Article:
The Metaphysical Passion: Seven Modern American Poets and the Seventeenth-Century Tradition

By Sona Raiziss | Go to book overview
Save to active project

7 ANALOGIES

THAT CLIMACTERIC in human history which was the seventeenth century returns in our time with a greater and more general vehemence. Society and the individual live in the furious and common element of controversy. Like Donne, the indicative twentieth-century poet is at once highly self-conscious and objective. Yeats, D. H. Lawrence, Eliot, Auden, and Crane exhibit the adjacent contrasts of the material and the spiritual, the primitive and the subtle. The headlong temper of modern development has bred contradictions exacerbating those in the seventeenth century when "the uncomfortable antithesis of matter and mind in the Cartesian scheme seems to have made inevitable both the materialist and the idealist solutions."1England then grappled with philosophies, religions, revolutions, and restorations. Lately political and economic wars subsume religious considerations: republican Spain versus Catholicism, Nazi neopaganism versus Christianity, and Russian materialistic atheism.

There are critics of both periods who believe that the poets have been too little concerned with the movements of contemporaneous culture. It is true that the metaphysicals then and now have been highly subjective. Yet that very subjectivity has usually been caused by the pressure of events. The metaphysical penchant in many of these poets argues that they were fiercely aware of the restlessness of their age. The poets, indeed, were Cassandras of imminent clashes in thought, science, and public affairs. Their apprehension of impending events is in the very mood of their writing.

The Royalist poets rallied tangibly to their cause, witness Love

-103-

Notes for this page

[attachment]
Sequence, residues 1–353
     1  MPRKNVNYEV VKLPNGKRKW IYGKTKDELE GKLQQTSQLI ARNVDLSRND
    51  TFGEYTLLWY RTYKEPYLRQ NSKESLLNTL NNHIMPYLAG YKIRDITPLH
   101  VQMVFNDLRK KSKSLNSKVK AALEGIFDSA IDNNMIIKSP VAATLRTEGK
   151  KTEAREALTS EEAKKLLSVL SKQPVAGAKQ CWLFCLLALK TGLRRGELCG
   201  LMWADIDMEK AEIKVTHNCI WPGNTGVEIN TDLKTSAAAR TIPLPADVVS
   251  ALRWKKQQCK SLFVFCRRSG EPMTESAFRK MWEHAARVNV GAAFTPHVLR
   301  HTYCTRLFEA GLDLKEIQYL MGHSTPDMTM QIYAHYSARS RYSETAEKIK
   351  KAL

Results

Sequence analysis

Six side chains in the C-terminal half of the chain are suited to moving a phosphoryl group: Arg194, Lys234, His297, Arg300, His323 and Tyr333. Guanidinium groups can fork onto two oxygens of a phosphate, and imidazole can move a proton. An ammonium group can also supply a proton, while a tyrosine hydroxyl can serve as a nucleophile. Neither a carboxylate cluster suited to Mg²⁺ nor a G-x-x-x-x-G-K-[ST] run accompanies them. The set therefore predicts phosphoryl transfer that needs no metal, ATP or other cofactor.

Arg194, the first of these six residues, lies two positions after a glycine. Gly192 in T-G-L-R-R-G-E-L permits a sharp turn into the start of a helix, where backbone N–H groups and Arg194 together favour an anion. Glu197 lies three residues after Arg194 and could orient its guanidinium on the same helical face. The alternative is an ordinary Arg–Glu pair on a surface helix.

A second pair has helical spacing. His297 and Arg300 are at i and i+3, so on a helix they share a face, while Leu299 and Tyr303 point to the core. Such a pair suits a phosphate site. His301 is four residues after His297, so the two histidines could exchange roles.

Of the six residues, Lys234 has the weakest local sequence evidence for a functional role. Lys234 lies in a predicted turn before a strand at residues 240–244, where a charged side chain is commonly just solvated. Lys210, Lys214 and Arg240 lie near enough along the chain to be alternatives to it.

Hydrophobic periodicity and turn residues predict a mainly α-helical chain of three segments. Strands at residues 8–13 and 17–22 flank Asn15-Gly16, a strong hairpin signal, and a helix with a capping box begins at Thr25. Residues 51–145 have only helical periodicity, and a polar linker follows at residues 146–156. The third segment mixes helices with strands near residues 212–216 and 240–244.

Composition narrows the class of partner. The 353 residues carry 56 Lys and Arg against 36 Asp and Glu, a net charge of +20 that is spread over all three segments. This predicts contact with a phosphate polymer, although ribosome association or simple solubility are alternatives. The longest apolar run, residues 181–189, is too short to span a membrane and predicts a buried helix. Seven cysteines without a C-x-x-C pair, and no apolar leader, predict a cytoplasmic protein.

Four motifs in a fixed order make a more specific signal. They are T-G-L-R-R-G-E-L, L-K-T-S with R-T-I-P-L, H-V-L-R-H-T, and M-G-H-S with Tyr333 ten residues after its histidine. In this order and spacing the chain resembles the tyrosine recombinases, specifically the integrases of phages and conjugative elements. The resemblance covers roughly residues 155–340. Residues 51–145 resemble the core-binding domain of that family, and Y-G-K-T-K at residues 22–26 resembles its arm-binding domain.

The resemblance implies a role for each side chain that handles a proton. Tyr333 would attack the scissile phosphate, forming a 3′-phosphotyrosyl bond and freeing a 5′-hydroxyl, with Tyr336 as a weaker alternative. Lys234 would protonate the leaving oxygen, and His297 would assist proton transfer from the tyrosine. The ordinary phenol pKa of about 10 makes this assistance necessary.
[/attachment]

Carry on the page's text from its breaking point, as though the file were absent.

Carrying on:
Add a new note
If you are trying to select text to create highlights or citations, remember that you must now click or tap on the first word, and then click or tap on the last word.
Loading One moment ...
Project items
Notes
Cite this page

Cited page

Style
Citations are available only to our active members.
Sign up now to cite pages or passages in MLA, APA and Chicago citation styles.

Cited page

Bookmark this page
The Metaphysical Passion: Seven Modern American Poets and the Seventeenth-Century Tradition
Settings

Settings

Typeface
Text size Smaller Larger
Search within

Search within this book

Look up

Look up a word

  • Dictionary
  • Thesaurus
Please submit a word or phrase above.
Print this page

Print this page

Why can't I print more than one page at a time?

While we understand printed pages are helpful to our users, this limitation is necessary to help protect our publishers' copyrighted material and prevent its unlawful distribution. We are sorry for any inconvenience.
Full screen
/ 332

matching results for page

Cited passage

Style
Citations are available only to our active members.
Sign up now to cite pages or passages in MLA, APA and Chicago citation styles.

Cited passage

Welcome to the new Questia Reader

The Questia Reader has been updated to provide you with an even better online reading experience.  It is now 100% Responsive, which means you can read our books and articles on any sized device you wish.  All of your favorite tools like notes, highlights, and citations are still here, but the way you select text has been updated to be easier to use, especially on touchscreen devices.  Here's how:

1. Click or tap the first word you want to select.
2. Click or tap the last word you want to select.

OK, got it!

Thanks for trying Questia!

Please continue trying out our research tools, but please note, full functionality is available only to our active members.

Your work will be lost once you leave this Web page.

For full access in an ad-free environment, sign up now for a FREE, 1-day trial.

Already a member? Log in now.

Are you sure you want to delete this highlight?